‘A Bold Step’ — My First Venture Into Self-Publishing


After years of procrastination, one writer dips a toe into the waters of publishing his own work

I’ve gone and done it. I’ve self-published. Not for the thrill of seeing my name in print, because I’m acquainted with that happy occurrence, but because I simply had to.

Over several decades, I’ve had short plays produced, written hundreds of theatre reviews, as well as a score of film articles and conducted several interviews with famous actors. Over the past six years, fifteen short stories and two meditations on the art of writing have appeared in print and online. I’ve even been flown to New York from England to collect first prize in a short story competition.

But I just haven’t snagged an agent or publisher for my novels — yet.

Longer ago than I care to remember, I transformed a screenplay written in graduate school at the University of Southern California into a novel. The story was called ‘Tales of Freedom’, and my protagonist was Rivka Langerová, a woman living in Prague with her family during World War Two. A storyteller, Rivka is forced to flee the city when her husband is murdered, and after seeing her two children escape ahead of a German search party, Rivka eventually joins a group of Jewish partisans in the Polish forests.

I had been living in Los Angeles for ten years and was returning to England, so I started making contacts for ‘Tales of Freedom’ in the UK. An encouraging young agent — now a long-standing and successful mover in the literary world — wrote to me that he thought my novel was ‘beautiful’ but ‘just not quite for him’. Although I was disappointed, I took this as a good start in my search for representation.

The years passed. I wrote several more novels, branched into short fiction, and still could not get signed up for my literary fiction. Intermittently, people suggested I self-publish, but I lacked the confidence and (dare I say it) the drive to concur.

A few weeks ago, I was introduced to the great-nephew of a venerable American novelist, still alive at over 100 years of age. We got talking, and given Ed’s unusual and distinct last name, I asked him if he was related to a woman who had played Rivka in ‘Freedom’ when a friend in USC’s film school filmed a sequence from the screenplay. Turns out she was his aunt. Ed connected us via email, and it was great to be in touch with Suzanne after so long. I even sent her photos of the shoot from the early 1990s.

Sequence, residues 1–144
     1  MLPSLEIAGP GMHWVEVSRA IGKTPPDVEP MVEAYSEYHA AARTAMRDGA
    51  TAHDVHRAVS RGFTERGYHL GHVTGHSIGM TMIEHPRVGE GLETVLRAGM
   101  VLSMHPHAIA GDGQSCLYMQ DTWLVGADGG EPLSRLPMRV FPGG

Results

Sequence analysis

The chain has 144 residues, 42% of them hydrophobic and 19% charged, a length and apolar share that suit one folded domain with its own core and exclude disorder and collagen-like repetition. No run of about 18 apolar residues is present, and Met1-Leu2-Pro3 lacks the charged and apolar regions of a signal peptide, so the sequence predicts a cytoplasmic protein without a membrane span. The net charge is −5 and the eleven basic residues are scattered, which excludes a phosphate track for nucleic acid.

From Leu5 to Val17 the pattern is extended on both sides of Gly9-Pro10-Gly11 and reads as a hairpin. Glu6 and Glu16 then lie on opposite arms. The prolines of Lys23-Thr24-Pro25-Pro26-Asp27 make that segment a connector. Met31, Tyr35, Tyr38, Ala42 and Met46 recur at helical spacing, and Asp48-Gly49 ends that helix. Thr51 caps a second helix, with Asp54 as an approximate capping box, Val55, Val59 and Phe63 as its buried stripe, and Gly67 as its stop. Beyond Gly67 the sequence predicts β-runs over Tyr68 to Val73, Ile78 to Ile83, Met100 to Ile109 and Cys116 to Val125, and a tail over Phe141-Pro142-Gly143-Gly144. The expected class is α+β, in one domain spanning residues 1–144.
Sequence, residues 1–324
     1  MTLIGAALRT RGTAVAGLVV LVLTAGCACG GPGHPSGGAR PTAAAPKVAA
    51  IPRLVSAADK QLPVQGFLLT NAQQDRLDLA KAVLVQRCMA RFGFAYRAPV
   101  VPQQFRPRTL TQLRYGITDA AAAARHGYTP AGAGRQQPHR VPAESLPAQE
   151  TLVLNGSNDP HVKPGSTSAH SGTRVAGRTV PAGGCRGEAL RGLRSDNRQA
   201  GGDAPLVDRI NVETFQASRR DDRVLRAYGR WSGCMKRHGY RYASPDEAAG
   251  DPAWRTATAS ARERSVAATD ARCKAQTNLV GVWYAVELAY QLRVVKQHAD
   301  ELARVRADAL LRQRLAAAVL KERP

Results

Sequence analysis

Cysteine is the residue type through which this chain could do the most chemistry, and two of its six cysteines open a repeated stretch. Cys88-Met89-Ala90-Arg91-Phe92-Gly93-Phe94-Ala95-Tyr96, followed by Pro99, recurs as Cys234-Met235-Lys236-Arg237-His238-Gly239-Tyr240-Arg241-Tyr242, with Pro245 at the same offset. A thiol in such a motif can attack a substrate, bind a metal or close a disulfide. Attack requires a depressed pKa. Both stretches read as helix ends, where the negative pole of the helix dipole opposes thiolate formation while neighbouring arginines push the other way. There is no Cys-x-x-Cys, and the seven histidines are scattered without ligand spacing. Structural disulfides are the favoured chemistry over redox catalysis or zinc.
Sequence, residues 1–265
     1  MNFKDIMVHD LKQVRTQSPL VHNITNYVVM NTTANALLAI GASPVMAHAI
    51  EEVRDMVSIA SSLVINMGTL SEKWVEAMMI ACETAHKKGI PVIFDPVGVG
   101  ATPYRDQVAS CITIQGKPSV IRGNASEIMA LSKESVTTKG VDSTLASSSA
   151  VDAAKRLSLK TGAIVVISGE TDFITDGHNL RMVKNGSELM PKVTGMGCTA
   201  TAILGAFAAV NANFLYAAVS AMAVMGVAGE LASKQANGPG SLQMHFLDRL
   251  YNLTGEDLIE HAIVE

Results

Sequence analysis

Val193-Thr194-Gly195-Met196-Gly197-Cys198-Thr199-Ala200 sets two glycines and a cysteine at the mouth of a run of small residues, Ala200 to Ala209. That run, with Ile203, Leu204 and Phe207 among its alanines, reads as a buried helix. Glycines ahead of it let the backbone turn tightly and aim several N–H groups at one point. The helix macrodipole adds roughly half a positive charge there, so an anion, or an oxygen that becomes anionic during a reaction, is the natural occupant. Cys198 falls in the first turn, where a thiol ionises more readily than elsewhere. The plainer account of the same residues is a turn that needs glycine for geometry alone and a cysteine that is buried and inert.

Suzanne intuited that I was passionate about ‘Tales of Freedom’ — I value it above all other stories I’ve written — and suggested I self-publish. For some reason, her prompt led me finally to go ahead. But how? I knew I needed some professional help, but within a moderate budget. Having used Fiverr.com before, I researched freelancers on that site and commissioned a book designer for the cover. I wasn’t that happy with the result and so employed another designer. The outcome was much better this time. Next, I paid for another freelancer to format my book as an eBook and for print.

The next step was to spread the word on social media. In January 2018, I took an online course and remain part of a group of writers from the course on Facebook. When one of my fellow participants read that I was going to self-publish, he called my decision a ‘bold step’. I think there was a note of doubt below the surface of the comment. After all, the course was offered by a famous London literary agency, and I’m pretty sure most of the writers who enrolled hoped it would open doors to representation by that agency. That didn’t happen to any of us, although one colleague has recently been signed up by an agent. I understood what he meant, but went ahead, anyway.

Last week, my book went live. I put a blurb about the novel on Facebook, Twitter, and LinkedIn. I created an author page on Goodreads…and have sold a handful of copies so far.

So, what now?

Now comes networking, marketing, and persistence. I’m researching how to approach libraries, am talking to a friend at my synagogue about holding an afternoon book reading and signing session, and am working on being as pro-active and creative as I can.

Yes, I would like to make money on book sales, but more than that I am fervent about getting Rivka’s story further out in the world. There were many acts of Jewish resistance against the Germans and their allies in the Second World War, and if ‘Tales of Freedom’ can illuminate that historical fact, then I will feel rewarded.

My bold step is nothing compared to the heroism of the people I’ve written about in ‘Freedom’, but it’s a sincere tribute to their deeds, and I long for Rivka’s story to be read.

Paul B. Cohen is a writer living in England. His website is paulbcohen.com, and ‘Tales of Freedom’ is available as an eBook and paperback on Amazon